Lei Feng network: According to this article translated from Google Blog, the author is Google brain product manager Craig Mermel and technical director Martin Stumpe.
Deep learning technology has recently shown great application prospects in medical disciplines such as ophthalmology, dermatology, radiology, and pathology. It can help provide patients around the world with more accurate and available high-quality medical services. Google also recently released a study that showed that the accuracy of convolutional neural networks to detect breast cancer metastasis in lymph nodes is comparable to that of a trained pathologist. However, so far, direct observation of the tissue with a compound optical microscope is still the pathologist's primary means of diagnosing diseases. How to digitally display the microstructure has become a key challenge for the large-scale application of deep learning techniques in pathology.
Today, in a speech at the American Association for Cancer Research Annual Conference (AACR), we introduced an Augmented Reality Microscope (ARM) using a paper titled “Enhanced Reality Microscope Real-Time Automatic Detection of Cancer (Current Review)”. Platform prototype, we believe this product can help accelerate the application of deep learning technology in the field of global pathology.
The platform consists of a modified light microscope that allows real-time analysis of images and displays the results of machine learning algorithms directly in the user's field of view.
It is worth mentioning that the use of low-cost, off-the-shelf components can transform this augmented reality microscope into a common optical microscope common in hospitals and clinics around the world, without the need for a complete digital system upgrade. Conduct organizational analysis.
Modern computing components and deep learning models —— such as those built on the TensorFlow platform, make this augmented reality microscope platform capable of running a large number of pre-training models. As with the traditional microscope method, the user observes the sample through the eyepiece and the results of the machine learning algorithm are projected in real time onto the light path, superimposed on the original image of the sample, helping the observer quickly locate and quantify the features of interest. Moreover, the platform's computational and visual feedback is very fast, and the current speed has reached 10 frames per second, which means that when the user moves the organization or magnification for further observation, a smooth and seamless visual experience can be obtained.
Left: Overview of the principle of the augmented reality microscope. A digital camera captures the same field of view (FoV) as the user and then passes the image to an additional computing unit that can run a machine learning model of real-time reasoning. The reasoning result is then fed back to a custom AR display that is inline with the eyepiece and displays the model output in the same plane as the specimen. Right: This image shows how our platform prototype was transformed into a typical clinical grade optical microscope.
In theory, augmented reality microscopes can provide a wide variety of visual feedback, including text, arrows, outlines, heat maps, and animations, and can run multiple types of machine learning algorithms to handle different tasks such as object detection, quantization, and Classification and so on.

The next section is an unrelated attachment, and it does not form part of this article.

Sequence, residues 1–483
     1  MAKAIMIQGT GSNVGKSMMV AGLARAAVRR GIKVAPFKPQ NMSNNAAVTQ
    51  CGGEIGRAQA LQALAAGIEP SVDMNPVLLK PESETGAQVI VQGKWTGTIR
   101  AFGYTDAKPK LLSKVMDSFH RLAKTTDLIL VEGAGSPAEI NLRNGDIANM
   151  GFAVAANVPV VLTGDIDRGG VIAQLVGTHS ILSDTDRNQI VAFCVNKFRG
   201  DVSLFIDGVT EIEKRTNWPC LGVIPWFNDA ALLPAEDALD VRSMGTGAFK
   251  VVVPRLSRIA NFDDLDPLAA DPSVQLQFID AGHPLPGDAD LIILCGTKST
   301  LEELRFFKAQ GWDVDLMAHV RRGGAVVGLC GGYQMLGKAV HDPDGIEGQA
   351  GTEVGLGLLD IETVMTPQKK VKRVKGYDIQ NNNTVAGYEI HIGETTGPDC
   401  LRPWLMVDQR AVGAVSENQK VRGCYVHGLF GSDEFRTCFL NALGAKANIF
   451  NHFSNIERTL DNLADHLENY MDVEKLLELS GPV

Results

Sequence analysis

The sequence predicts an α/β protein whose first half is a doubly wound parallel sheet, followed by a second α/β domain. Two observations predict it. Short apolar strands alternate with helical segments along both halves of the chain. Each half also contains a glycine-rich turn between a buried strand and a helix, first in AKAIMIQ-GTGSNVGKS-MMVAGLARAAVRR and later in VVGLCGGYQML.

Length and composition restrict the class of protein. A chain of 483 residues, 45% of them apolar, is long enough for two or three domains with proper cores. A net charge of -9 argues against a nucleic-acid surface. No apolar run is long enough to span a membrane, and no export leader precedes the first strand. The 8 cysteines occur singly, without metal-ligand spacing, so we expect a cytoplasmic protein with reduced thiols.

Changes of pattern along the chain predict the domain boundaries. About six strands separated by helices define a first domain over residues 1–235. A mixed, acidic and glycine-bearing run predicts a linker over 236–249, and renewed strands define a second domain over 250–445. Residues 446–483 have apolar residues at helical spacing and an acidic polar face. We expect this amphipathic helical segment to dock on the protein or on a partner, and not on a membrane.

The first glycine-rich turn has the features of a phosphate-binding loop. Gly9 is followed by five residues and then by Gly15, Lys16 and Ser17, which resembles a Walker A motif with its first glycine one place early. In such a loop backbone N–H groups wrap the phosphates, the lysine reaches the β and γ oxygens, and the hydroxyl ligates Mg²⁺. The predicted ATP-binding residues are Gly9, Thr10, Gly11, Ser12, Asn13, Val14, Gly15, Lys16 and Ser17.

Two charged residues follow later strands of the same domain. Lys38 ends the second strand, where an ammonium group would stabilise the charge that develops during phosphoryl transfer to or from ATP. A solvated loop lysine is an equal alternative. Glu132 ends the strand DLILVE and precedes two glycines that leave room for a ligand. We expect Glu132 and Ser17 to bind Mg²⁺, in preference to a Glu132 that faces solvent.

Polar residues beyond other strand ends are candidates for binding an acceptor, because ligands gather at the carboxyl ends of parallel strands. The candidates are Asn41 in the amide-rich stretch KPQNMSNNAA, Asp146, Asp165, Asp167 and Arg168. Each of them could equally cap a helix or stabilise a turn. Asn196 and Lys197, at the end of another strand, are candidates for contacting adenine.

To demonstrate the capabilities of augmented reality microscopy, we let it run two different cancer detection algorithms: one to detect breast cancer metastasis in lymph node specimens and the other to detect prostate cancer in prostatectomy specimens. These algorithms can be run at 4-40x magnification and outline the detected tumor area with a green outline. These contours can help the pathologist notice the area of interest without missing the appearance of obscure tumor cells.
Lei Fengwang Note: The view observed by the augmented reality microscope. These images show lymph node specimens at 4x, 10x, 20x, and 40x magnification.
Although these two cancer detection models were not trained with images captured directly by augmented reality microscopes, they performed very well on the latter without additional training. We believe that the performance of these algorithms will continue to increase if they are directly trained with images acquired from augmented reality microscopes.
Originally trained with images from a complete specimen scanner with a completely different optical structure, they performed very well on augmented reality microscope platforms without additional training. For example, when the lymph node metastasis detection model was run on an augmented reality microscope, the curve area reached 0.98, and the curve area of the prostate cancer detection model reached 0.96, which was only slightly lower than that obtained on the WSI.
We believe that this augmented reality microscope will have a major impact on global health, especially in the diagnosis of infectious diseases in developing countries, including tuberculosis and malaria. In addition, augmented reality microscopes can be used in conjunction with digital workflows in hospitals that will soon adopt digital pathological workflows. Optical microscopy has proven its worth in many industries, but its role in pathology is limited. We believe that augmented reality microscopes can be applied in many fields such as medical treatment, life science research, and materials science. We are pleased to continue to explore this augmented reality microscope to help accelerate the positive impact of machine learning technology around the world.